REFLECTIONS ON THE CROSS, AND ON MARY, FOR HOLY THURSDAY
... anger at God is normal. And God has big shoulders, He can take it.
I have found that when it is too much to think of God, it’s easier to think of Mary, who “never did anything to deserve it,” -who spent her whole life only saying “yes” to Him, and in service to His biggest project, ever- but who still had to stay at the foot of her son’s cross and watch him die a most horrible death, after having endured terrible cruelty.
Even she didn’t know what was going to happen next. A mother grieves the unbearable loss of her son, through Passover, and then goes to anoint his body only to find it gone!
What sort of torment is this? Then he is back (!) but he is no longer hers alone, if he had ever been – and for the rest of her life, as she watches His church take shape and form, and helps where she can, she still has all of those memories – the memories a mother cherishes – of an infant tugging at the collar of her gown, looking to nurse, of her son and his loving six-year-old hugs, the scraped knees, the scampish days, the meals they shared. None of this could have been easy for Mary to remember or to reconcile with her human self, or her maternity. He is God. But he was her son, and always will be. He is her son. Her little lad. Her God.
And this is why we call Mary the “Help of Christians.” When it gets very hard, when we feel a little disconnected from God, whether we want to be disconnected or not, when we feel we have been given an unjust burden, we can look at Mary and realize that yes, she kept the faith, but she knew everything we know about how hard life can be. She’s lived through it, and if we ask her to, she’ll pray for us in our suffering.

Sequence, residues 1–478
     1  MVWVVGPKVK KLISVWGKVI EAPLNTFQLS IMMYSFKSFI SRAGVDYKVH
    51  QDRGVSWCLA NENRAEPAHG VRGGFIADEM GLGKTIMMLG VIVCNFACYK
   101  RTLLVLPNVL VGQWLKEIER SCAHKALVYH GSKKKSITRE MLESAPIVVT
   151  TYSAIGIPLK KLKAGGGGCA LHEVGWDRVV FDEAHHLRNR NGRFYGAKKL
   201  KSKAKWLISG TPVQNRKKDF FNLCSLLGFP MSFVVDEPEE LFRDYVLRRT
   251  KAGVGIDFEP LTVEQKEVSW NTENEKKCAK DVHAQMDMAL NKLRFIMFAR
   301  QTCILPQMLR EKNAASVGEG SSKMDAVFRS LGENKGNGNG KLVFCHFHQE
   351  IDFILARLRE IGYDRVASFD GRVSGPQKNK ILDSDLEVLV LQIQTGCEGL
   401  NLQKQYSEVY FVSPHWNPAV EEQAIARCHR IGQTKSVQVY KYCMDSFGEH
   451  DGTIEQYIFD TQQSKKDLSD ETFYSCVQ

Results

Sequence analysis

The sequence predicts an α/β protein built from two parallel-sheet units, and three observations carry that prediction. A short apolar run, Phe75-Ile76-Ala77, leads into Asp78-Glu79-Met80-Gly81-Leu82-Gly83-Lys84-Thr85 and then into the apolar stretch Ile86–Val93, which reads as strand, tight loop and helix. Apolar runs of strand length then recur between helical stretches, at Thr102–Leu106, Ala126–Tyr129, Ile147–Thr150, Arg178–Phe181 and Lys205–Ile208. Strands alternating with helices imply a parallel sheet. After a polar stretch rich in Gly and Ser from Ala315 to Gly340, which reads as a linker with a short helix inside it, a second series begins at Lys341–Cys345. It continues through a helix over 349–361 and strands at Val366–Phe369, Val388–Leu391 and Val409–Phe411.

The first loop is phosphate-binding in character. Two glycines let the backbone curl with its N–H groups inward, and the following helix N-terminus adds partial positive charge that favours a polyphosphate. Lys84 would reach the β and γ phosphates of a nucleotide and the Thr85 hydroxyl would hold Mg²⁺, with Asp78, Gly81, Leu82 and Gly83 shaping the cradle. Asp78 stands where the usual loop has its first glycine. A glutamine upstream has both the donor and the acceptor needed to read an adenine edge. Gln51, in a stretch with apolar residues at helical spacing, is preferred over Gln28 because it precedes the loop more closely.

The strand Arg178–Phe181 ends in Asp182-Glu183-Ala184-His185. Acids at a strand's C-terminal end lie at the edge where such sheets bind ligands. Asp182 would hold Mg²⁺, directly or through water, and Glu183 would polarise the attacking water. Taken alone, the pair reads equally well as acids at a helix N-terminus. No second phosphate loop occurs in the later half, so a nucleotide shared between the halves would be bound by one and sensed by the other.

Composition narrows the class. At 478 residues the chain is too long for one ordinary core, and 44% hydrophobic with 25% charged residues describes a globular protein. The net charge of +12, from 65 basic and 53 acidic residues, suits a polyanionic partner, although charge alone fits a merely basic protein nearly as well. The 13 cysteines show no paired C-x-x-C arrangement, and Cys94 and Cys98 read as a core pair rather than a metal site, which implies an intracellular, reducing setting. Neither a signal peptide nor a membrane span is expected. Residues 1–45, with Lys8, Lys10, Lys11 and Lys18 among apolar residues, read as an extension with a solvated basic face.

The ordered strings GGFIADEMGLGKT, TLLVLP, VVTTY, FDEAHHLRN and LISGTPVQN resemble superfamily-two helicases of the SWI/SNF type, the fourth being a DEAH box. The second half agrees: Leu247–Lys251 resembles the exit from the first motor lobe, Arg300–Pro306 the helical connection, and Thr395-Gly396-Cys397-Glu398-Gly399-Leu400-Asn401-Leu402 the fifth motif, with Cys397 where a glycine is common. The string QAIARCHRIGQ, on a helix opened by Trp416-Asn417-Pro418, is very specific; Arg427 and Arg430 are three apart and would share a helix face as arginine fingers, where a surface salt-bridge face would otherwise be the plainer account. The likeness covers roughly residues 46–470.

The cross. The Mother. The Son. Nothing in the Gospels is extraneous, or there without purpose. It is all meant for us, for our understanding and our consolation, too.
People often ask me why Catholics find it necessary to keep the Crucifix before them. “The victory was in the resurrection, not the death; Catholics focus on the wrong thing – the cross should be empty…”
Well, yes. The victory is the resurrection, but its gotten to through the rest of it.
While the empty cross brings us hope and promise, we are still humans living human lives with all of the pain and frailty and questions and hurt that implies; when one looks at the Crucifix, one finds not a morbid and bloody corpse, but The God Who Knows, not because he is conveniently all-knowing, but because He actually submitted to life, lived it, endured it, went through it all, just as we do.
Jesus lost his own beloved step-father, Joseph, he knows what we know. When we look at the Crucifix we see that there is no human situation that Jesus did not come to know. Feel betrayed? Feel humiliated? Being mocked and sneered at? Feel abandoned? Feel unjustly hurt? Feel loss? There, on that crucifix is the God who has known every one of those feelings, and has submitted to them – in order to save us, but also in order to draw us near, to gather us into a consolation, a consoling embrace that says…“I know what you’re feeling…I know what you’re thinking…we are actually all in this together, and quite outside of time.”
It’s hard to remember all that. The Crucifix is the reminder.